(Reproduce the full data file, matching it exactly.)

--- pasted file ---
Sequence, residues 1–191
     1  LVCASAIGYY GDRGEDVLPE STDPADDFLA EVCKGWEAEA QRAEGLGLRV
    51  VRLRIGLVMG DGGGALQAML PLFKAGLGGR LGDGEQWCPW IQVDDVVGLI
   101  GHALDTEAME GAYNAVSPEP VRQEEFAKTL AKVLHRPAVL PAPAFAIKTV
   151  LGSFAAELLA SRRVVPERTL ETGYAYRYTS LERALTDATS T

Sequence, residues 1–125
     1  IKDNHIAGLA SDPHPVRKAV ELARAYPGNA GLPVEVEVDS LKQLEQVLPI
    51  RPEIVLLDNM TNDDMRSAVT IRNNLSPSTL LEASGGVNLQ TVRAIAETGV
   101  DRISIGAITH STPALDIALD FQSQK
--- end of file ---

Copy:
Sequence, residues 1–191
     1  LVCASAIGYY GDRGEDVLPE STDPADDFLA EVCKGWEAEA QRAEGLGLRV
    51  VRLRIGLVMG DGGGALQAML PLFKAGLGGR LGDGEQWCPW IQVDDVVGLI
   101  GHALDTEAME GAYNAVSPEP VRQEEFAKTL AKVLHRPAVL PAPAFAIKTV
   151  LGSFAAELLA SRRVVPERTL ETGYAYRYTS LERALTDATS T

Sequence, residues 1–125
     1  IKDNHIAGLA SDPHPVRKAV ELARAYPGNA GLPVEVEVDS LKQLEQVLPI
    51  RPEIVLLDNM TNDDMRSAVT IRNNLSPSTL LEASGGVNLQ TVRAIAETGV
   101  DRISIGAITH STPALDIALD FQSQK